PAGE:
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The 5 essential levels of B2B influencer marketing

News Flash!  Influencer marketing isn’t just for B2C brands.  But B2B influencer marketing is more involved than you might think.  While Gucci can easily send a free handbag to a popular fashion blogger, it’s hard to send samples of chemical compounds, high-end fittings or fabric roofs.  Yet, all B2B companies have influencers and a number of new tools at their disposal to reach them.  The trick is identifying who they are and engaging them properly.

Influencer Marketing

There are lots of definitions, but I like this one from Lee Odden:  “Influencer marketing is the practice of engaging and collaborating with internal and industry experts that have active networks to help achieve measurable business goals.”  Influencers have been around forever, right?  A potter from 2,000 years ago might have asked a customer to put in a good word with his neighbor.  A wagon wheel manufacturer would have done well to cozy up to the time’s top stagecoach designer. 

It’s really no different today, but now we can apply digital intelligence to our influencer program, making it even more efficient and much more effective.  Note the mention of “internal and industry experts” in Odden’s definition.  This is where the five levels come in.  With B2B, we’re not trying to influence a consumer to drive retail sales, we’re hoping to interest other companies in buying our products; we’re trying to support the reputation of our company for attraction and retention of employees; and, if we’re public, we’re trying to assure shareholders we’re a sound investment.  To really move the needle in B2B, we need to target a cadre of influencers … all at once.

The B2B Influencer Bull’s-Eye

We believe B2B influencer marketing can start right at home and radiate out from there, touching critical audiences that all work together to impact business goals.  It begins with an organization’s leader and moves out to media with important steps in between.  There are five levels to this bull’s-eye:Dix&EatonBullsEye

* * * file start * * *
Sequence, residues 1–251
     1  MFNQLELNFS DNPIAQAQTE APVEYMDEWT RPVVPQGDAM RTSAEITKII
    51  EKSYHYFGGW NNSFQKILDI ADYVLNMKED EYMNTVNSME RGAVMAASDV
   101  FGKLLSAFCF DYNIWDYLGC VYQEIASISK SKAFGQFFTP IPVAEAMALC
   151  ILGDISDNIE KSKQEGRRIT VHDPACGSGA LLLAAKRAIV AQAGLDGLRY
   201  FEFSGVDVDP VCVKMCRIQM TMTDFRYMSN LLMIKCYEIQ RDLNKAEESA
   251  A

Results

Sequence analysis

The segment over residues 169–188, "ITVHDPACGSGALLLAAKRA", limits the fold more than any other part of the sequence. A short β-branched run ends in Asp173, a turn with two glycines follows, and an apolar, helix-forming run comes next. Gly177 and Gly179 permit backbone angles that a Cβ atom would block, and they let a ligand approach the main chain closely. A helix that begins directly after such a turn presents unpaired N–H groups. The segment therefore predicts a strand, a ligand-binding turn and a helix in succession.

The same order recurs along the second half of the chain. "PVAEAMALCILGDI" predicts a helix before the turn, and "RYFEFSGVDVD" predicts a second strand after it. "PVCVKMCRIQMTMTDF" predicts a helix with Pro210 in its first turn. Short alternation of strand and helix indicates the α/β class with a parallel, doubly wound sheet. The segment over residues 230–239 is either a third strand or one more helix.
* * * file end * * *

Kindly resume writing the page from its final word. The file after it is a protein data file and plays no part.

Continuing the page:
1.  The CEO:  An organization’s leader is at the heart of it all and can be very influential.  Leaders are naturally well connected and used to being spokespersons, but the position can be leveraged now more than ever.  Tools like LinkedIn, blog platforms, webinar technologies and video allow a CEO’s reach to expand greatly and provide a powerful platform for the brand message … to employees, customers and all levels of the bull’s-eye.  The CEO can impact retention, recruiting, business prospects and other influencers who can impact sales.  So, if you’re a CEO, speak up!  If you’re a marketer, help your CEO develop a louder and more relevant voice.

2.  Employees:  Whether you call them associates, staffers or family members, they can be your best cheerleaders.  (Hint: a healthy corporate culture and products they believe in will increase the probability they’ll want to cheer.)  Your own people know the most about the company, what it’s like to work there and the value you can provide.  Sites like Glassdoor can make or break a first impression for an applicant.  Individuals’ social media networks spread wide and far to reach legitimate business contacts.  Engineers can reach their counterparts at potential buyers, providing expertise and thought leadership, guiding them toward a decision in your favor.  So, provide guidelines, but don’t censor your people, celebrate them – and they will sing praises.